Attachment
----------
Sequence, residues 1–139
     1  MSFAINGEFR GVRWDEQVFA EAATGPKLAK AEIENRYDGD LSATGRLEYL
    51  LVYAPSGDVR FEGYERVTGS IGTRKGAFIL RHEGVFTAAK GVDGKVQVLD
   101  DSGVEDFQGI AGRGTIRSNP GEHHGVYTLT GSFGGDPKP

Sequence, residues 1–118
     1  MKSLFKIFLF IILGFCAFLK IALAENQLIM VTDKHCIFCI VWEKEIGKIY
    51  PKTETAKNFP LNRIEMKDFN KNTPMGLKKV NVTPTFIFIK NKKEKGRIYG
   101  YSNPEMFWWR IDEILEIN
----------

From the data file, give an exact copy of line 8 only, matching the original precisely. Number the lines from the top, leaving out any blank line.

   101  YSNPEMFWWR IDEILEIN